Brother Francis and the Soultones will perform at Firecracker Pizza & Beer on Saturday.
With 139 performances across eleven stages over two days, ShowcaseSTL 2018 will be one for the history books. Yet if you’ve looked at the lineup and thought, “Yeah, I haven’t heard of many of these bands,” you’re not alone. In fact, it’s by design. The festival is the RFT
’s tribute to what’s happening right now in the local music scene, and for every headliner or longtime local favorite, there are many more up-and-comers. In addition to the 77 acts in this week’s cover story, here are ten under-the-radar shows to see now ... and later boast you saw them before they blew up.
SATURDAY, JUNE 16
Brother Francis and the Soultones
6:30 p.m. at Firecracker Pizza & Beer (4130 Manchester Avenue)
Underneath all that smooth-moving R&B is a space rock band begging to get out, but maybe it’s in Brother Francis and company’s best interest to keep their wilder side in check. After all, it’s the underlying tinge of psychedelia that makes this crew one of the most engrossing and intriguing bands in St. Louis ever to wave that funk flag.
7 p.m. at Trops (4104 Manchester Avenue)
With its wild, polyrhythmic rip and circuit-bent surf riffs, Subtropolis offers a tectonic shifting of massive rock. The way this band glues its layers together with a subtle sleight of hand distracts from the fact that all that sound is coming from only two people. Born from the remains of Popular Mechanics, a now-defunct St. Louis favorite, this duo grinds out a syncopated mass of jerky jams.
8 p.m. at Taha’a Twisted Tiki (4199 Manchester Avenue)
Hailing from “Devo” Mill, Wax Fruit casts a large shadow, with towering sounds built from lush synths and pointed beats. The melodies come howling from the other side of a long and winding tunnel, picking up detritus along the way. The most human element, the vocals, blend in the wash of warm, warbling bass and keys. They're a pop duo for the next millennium.
9 p.m. at Gezellig (4191 Manchester Avenue)
SirEddieC’s sound may seem alien. But he’s just ahead of the curve: The Belleville-based rapper was dropping references to Ric Flair long before Offset and Metro Boomin went platinum with the Drip. He’s since moved on to other, more obscure references, all pulled from a big bag of tricks that include a buoyant flow and straight-up, solid beats.
10:30 p.m. at the Gramophone (4243 Manchester Avenue)
By flexing in the space between trap and R&B, Teacup Dragun can swing gently and still hit like a bag of bricks. Whether on record or on stage, she isn’t performing as much as she is living her life. She’s the realest of the real.
SUNDAY, JUNE 17
Subtle Aggression Monopoly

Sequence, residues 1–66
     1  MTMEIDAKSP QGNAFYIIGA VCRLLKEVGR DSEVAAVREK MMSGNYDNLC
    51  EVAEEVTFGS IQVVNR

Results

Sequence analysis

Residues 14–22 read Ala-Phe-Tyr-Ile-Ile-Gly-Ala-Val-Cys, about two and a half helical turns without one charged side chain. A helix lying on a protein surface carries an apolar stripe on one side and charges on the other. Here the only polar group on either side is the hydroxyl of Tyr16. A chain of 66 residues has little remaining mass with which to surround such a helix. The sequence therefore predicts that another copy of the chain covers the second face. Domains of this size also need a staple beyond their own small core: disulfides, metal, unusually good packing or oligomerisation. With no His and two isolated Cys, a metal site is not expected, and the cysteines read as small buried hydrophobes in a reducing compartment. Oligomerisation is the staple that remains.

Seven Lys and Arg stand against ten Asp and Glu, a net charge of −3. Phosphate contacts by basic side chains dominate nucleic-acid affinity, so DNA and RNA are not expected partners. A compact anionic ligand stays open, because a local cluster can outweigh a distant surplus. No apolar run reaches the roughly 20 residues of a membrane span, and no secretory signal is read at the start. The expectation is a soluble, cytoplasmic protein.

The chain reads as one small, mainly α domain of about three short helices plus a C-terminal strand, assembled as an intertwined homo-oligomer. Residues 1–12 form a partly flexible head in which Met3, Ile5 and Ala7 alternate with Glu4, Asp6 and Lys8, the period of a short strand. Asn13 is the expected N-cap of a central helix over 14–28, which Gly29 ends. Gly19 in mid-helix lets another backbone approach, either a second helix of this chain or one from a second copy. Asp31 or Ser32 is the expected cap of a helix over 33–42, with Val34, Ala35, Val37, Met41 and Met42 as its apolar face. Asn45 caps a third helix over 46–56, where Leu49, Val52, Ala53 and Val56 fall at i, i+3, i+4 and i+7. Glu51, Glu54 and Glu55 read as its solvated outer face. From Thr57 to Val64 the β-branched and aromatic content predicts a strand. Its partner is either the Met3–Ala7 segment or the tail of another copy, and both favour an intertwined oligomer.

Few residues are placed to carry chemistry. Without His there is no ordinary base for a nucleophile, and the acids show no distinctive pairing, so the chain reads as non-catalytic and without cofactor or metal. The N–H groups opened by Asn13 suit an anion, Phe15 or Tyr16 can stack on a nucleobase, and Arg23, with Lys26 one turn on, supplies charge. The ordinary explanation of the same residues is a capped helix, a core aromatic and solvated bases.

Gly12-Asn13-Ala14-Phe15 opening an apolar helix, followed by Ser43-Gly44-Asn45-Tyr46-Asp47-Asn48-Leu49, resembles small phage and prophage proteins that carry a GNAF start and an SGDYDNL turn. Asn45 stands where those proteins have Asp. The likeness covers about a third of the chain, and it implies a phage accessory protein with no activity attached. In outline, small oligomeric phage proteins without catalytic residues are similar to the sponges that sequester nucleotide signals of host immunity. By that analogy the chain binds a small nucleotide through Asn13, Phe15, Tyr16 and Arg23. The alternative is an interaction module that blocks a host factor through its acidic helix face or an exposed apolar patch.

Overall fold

5:30 p.m. at the Bootleg (4140 Manchester Avenue)
With FarFetched labelmates such as Damon Davis, Caveofswords and Mathias & the Pirates, it can be hard for a duo like Subtle Aggression Monopoly to stand out. After all, “subtle” is right there in the name. But discounting the longtime dream team of P.O.E.T-j and C@$P3R would be selling short one of St. Louis’ best hip-hop acts, period.
6:30 p.m. at HandleBar (4127 Manchester Avenue)
Cherokee Moon takes the sweet songcraft of Hal Pascale and amplifies every latent note, magnifying the melodies while adding a depth of sound. Bandmate Brit Lockhart introduces a subtle edge, bringing with him years of work with experimental outfit Ish. The result is songwriting that shines, whether the band is out in full force or Pascale takes the stage with little more than her voice.
7 p.m. at ParlorSTL (4170 Manchester Avenue)
Vocalist Nanyamka Ewing stomps the cabaret to bits and counts on the rest of her band to glue the pieces back together. The result is statuesque rock & roll that contorts around strong vocal leads and a forceful backbeat. The mash-up of genres is not without bumps and bruises, but that’s by design.
8 p.m. at Layla (4317 Manchester Avenue)
As one half of Dubb Nubb, Delia Rainey is one of St. Louis’ top folk producers. Although her twin sister Hannah isn’t present, Delia deals with the phantom limb by sweetly singing songs that stand just as tall. For ShowcaseSTL, Dee Bird will flex her solo songwriter muscle before a planned relocation to Chicago.
9 p.m. at Gezellig (4191 Manchester Avenue)
Lately, Kaleb Kirby can be seen as the singer and synth player for A Leaf in the Street, a Technicolor dream pop trio, even as his role as both drummer and architect behind jazz juggernaut Animal Children gives the impression that he can do anything. So, as a solo artist, he does. Working with pre-recorded material and other machinations, Kirby descends on the drumset with an abstract approach to percussion.